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Child Maintenance Services (CMS) Campaign

Research shows that the Child Maintenance Service in the UK is blatantly breaking its own legislation and policies and that this is resulting in parents dying and children being forced into poverty.


In the next few weeks Split the Difference will release a full report created from 18 months research which includes results from a consultation questionnaire showing where the Child Maintenance Service has failed whole families for decades.


This interim report sent to leaders, highlights some of the legislative neglect the government having knowingly facilitated for three decades.


Provide compensation for incorrect child maintenance assessments

Many Paying Parents have had incorrect assessments for child maintenance. This has been followed by wrongful enforcement that has caused financial loss and impacted mental health. We want compensation for people affected by incorrect child maintenance assessments and wrongful enforcement.

Public Inquiry into Child Maintenance Service assessments and enforcement

We are concerned that incorrect assessments and inflation of amounts owed by paying parents, combined with excessive use of enforcement action, has caused significant distress to many paying parents, leading in some cases to catastrophic consequences.


Are the CMS following their legislation, guidance and policy? Share your information with us by completing our questionnaire.

The CMS is managed through legislation. By answering these questions you are helping us and the government to determine if the CMS are breaking their own legal requirements.


Child Maintenance Services

Declares that the petitioner is concerned regarding the number of suicides that have been linked with the activities of the CPA and the CMS, notes that incorrect assessments and inflation of arrears may have played a factor in the mental health of those who committed suicide.

The petitioner therefore requests that the House of Commons urge the Government to open an independent investigation into the Child Maintenance Service and their assessment procedures.

Child Support Act

Declares that the petitioner is concerned with section 33 of the Child Support Act 1991 and its compatibility with Article 6 of the Human Rights Act 1998; notes that the Child Maintenance Service (CMS) is securing liability orders for debts that are not owed and are in dispute; further notes that no evidence is provided by the CMS to substantiate the debt is owed by the paying parent, further declares that Section 6 of the Human Rights Act 1998 states that it is unlawful for a public authority to act in a way which is incompatible with a convention right.

The petitioners therefore request that the House of Commons urge the Government to address these concerns surrounding section 33 of the Child Support Act 1991 and its compatibility with Article 6 of the Human Rights Act 1998.

Detachment of Earnings Orders

Declares that the Child Maintenance Service’s current policy on the enforcement of Detachment of Earnings Orders is not in accordance with the principles it should apply; notes that the CMS must provide factual evidence to the Paying Parents employer and Bank Manager that arrears are owed before such enforcement can commence; further notes that if arrears are in dispute DEO’s must not be enforced bank accounts must not be garnished and liability orders must not be granted; furthermore that the burden of proof lies upon the accuser to prove with factual evidence that a debt is owed by the Paying Parent.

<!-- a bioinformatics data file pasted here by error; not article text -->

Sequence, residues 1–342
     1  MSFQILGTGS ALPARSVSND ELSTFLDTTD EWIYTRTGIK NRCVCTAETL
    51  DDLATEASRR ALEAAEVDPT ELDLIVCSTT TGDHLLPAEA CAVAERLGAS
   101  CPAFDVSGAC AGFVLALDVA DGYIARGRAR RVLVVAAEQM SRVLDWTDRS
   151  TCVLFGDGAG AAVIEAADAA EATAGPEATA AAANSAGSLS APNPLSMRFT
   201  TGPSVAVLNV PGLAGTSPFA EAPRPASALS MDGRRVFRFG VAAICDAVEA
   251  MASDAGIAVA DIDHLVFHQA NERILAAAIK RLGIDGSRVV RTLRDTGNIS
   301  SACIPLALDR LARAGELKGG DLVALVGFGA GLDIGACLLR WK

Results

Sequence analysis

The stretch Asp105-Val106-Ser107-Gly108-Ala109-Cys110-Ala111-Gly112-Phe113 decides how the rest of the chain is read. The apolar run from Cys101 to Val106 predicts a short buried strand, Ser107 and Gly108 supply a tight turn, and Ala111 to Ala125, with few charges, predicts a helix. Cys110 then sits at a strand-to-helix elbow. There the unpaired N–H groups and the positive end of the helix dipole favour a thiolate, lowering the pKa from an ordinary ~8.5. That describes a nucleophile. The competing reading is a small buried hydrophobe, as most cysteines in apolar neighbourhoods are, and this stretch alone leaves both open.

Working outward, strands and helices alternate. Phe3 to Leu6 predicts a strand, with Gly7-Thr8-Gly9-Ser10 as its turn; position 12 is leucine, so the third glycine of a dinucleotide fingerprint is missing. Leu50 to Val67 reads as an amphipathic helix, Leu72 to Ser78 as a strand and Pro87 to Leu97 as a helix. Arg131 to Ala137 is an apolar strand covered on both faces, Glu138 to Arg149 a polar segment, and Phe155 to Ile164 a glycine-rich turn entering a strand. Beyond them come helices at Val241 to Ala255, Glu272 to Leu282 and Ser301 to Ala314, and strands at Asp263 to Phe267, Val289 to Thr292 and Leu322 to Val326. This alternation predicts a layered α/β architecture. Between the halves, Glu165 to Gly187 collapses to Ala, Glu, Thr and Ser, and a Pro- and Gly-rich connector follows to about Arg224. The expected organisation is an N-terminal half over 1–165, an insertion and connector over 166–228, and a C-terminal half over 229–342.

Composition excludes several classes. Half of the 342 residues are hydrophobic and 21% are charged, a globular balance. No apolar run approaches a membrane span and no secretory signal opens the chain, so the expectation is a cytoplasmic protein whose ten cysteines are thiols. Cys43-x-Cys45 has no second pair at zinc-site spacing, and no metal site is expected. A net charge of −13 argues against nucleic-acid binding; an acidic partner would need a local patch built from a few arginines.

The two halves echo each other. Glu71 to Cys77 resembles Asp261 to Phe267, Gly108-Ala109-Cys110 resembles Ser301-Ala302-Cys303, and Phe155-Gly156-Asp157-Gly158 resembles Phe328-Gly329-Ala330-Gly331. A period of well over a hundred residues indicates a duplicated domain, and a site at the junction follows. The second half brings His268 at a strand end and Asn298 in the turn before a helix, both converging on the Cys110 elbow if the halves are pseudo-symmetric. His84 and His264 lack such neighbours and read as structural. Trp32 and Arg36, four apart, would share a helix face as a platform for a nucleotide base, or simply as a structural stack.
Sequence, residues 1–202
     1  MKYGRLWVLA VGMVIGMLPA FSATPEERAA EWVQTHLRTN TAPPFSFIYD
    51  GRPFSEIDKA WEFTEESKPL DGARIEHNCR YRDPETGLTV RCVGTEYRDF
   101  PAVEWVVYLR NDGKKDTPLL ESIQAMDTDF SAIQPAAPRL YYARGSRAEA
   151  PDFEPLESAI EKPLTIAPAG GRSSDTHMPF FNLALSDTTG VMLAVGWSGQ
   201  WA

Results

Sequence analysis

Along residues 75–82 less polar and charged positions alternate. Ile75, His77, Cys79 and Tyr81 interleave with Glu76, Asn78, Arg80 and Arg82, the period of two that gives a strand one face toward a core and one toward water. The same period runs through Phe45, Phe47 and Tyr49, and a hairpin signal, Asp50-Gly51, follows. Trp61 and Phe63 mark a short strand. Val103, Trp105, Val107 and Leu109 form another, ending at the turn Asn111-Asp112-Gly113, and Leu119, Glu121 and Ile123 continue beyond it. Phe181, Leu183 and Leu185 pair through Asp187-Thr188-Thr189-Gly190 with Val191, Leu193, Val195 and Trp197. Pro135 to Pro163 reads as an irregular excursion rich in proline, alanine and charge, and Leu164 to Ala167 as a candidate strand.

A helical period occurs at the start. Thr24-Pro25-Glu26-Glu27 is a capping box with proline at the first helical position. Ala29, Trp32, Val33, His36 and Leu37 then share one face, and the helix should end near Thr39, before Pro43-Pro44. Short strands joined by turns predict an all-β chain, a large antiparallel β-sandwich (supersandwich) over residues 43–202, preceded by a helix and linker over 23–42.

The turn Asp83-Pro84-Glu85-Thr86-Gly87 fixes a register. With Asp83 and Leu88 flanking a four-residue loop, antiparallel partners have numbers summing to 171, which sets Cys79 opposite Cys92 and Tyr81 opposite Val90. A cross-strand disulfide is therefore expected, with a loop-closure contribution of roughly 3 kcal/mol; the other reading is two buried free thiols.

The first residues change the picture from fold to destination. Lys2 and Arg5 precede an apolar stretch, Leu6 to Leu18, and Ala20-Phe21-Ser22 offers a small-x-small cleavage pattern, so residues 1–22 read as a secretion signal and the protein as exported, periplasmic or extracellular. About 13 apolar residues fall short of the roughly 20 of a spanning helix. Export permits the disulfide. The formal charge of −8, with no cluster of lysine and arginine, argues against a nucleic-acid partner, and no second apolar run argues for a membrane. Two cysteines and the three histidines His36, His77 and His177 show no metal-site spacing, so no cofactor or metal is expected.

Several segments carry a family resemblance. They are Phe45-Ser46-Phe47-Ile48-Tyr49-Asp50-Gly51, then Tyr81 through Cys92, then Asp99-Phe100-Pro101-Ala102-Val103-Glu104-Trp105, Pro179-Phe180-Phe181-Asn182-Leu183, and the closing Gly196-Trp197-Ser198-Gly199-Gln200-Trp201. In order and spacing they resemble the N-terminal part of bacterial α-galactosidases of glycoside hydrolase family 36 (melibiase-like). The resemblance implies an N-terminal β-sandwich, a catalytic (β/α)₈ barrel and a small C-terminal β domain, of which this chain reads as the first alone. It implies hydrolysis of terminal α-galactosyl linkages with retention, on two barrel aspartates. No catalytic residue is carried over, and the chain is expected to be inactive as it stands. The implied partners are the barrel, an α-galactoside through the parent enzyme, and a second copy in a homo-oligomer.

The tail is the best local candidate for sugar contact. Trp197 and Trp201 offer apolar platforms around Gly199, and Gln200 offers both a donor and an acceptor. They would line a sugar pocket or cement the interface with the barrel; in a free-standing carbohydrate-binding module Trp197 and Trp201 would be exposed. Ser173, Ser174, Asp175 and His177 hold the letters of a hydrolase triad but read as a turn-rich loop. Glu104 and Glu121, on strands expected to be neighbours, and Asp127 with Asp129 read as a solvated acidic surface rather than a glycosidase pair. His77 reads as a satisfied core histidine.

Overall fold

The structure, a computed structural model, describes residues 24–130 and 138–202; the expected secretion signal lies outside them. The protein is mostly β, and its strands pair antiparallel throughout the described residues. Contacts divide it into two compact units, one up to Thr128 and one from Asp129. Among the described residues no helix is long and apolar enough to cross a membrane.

The petitioners therefore request that the House of Commons urge the Government to take into account the concerns of the petitioner and work with the Child Maintenance Service to prevent the improper use of the Detachment of Earnings Orders.

Child Support (Enforcement) Bill

Wednesday 1 March 2023 Meeting started at 9.25am, ended 10.06am



The National Audit Office v The Child Maintenance Service, death, destruction and no accountability.

The National Audit Office for over a decade has consistently reported the failings of the CMS. Noel Wilcox and Alex Reid discuss the truth of this service and how they are responsible for systemic abuse that too often results in the suicide of young paying parents.

What do you do when a government department pushes parents to suicide?

Gavin Briggs, an ex-RAF serviceman and the only child of Ian Briggs, took his own life when the CMS left him with £169 to live off. Research completed by  Brian Hudson found over a 1000 additional deaths of parents every years are connected to the Child Maintenance Service (CMS).


To put this figure in context, in total over the last 30 years 842 UK service personnel have lost their lives as part of international conflict.From a fifteen month research project Split the Difference has identified catastrophic failings by the CMS and the previous CSA that shows wilful neglect in the needs of parents and children dating back decades.


Sally-Anne Burris, Director of Split the Difference CIC say: “The government has no other choice but to decommission this service. “I have seen such a destructive, dysfunctional government department that is clearly operating in a fraudulent capacity while it consistently breaks its own legislation, guidance and policy.”

Child Maintenance Service, does it help children or destroy their families?

Brian Hudson completed 18 months of research that identified heightened death rates in parents associated with the Child Maintenance Service in comparison with the general population. Joining Split the Difference to raise awareness and promote the decommissioning of the Child Maintenance Service (CMS), Brians research found there are over a 1000 deaths per year attributed to the CMS.

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